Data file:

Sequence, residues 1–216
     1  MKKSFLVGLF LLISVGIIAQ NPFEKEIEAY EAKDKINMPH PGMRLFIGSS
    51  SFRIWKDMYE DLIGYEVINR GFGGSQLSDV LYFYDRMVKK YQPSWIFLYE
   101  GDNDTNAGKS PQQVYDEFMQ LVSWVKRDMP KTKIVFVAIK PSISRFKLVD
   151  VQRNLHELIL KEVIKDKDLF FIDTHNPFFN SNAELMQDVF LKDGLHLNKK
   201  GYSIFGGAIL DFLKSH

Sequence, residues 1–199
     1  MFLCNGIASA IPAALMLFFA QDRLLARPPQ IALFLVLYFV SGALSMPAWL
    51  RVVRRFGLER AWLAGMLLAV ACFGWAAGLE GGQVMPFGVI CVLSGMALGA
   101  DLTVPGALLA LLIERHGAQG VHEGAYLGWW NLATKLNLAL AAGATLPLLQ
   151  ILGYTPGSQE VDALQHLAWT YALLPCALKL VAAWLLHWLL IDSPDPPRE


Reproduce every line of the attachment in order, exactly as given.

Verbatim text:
Sequence, residues 1–216
     1  MKKSFLVGLF LLISVGIIAQ NPFEKEIEAY EAKDKINMPH PGMRLFIGSS
    51  SFRIWKDMYE DLIGYEVINR GFGGSQLSDV LYFYDRMVKK YQPSWIFLYE
   101  GDNDTNAGKS PQQVYDEFMQ LVSWVKRDMP KTKIVFVAIK PSISRFKLVD
   151  VQRNLHELIL KEVIKDKDLF FIDTHNPFFN SNAELMQDVF LKDGLHLNKK
   201  GYSIFGGAIL DFLKSH

Sequence, residues 1–199
     1  MFLCNGIASA IPAALMLFFA QDRLLARPPQ IALFLVLYFV SGALSMPAWL
    51  RVVRRFGLER AWLAGMLLAV ACFGWAAGLE GGQVMPFGVI CVLSGMALGA
   101  DLTVPGALLA LLIERHGAQG VHEGAYLGWW NLATKLNLAL AAGATLPLLQ
   151  ILGYTPGSQE VDALQHLAWT YALLPCALKL VAAWLLHWLL IDSPDPPRE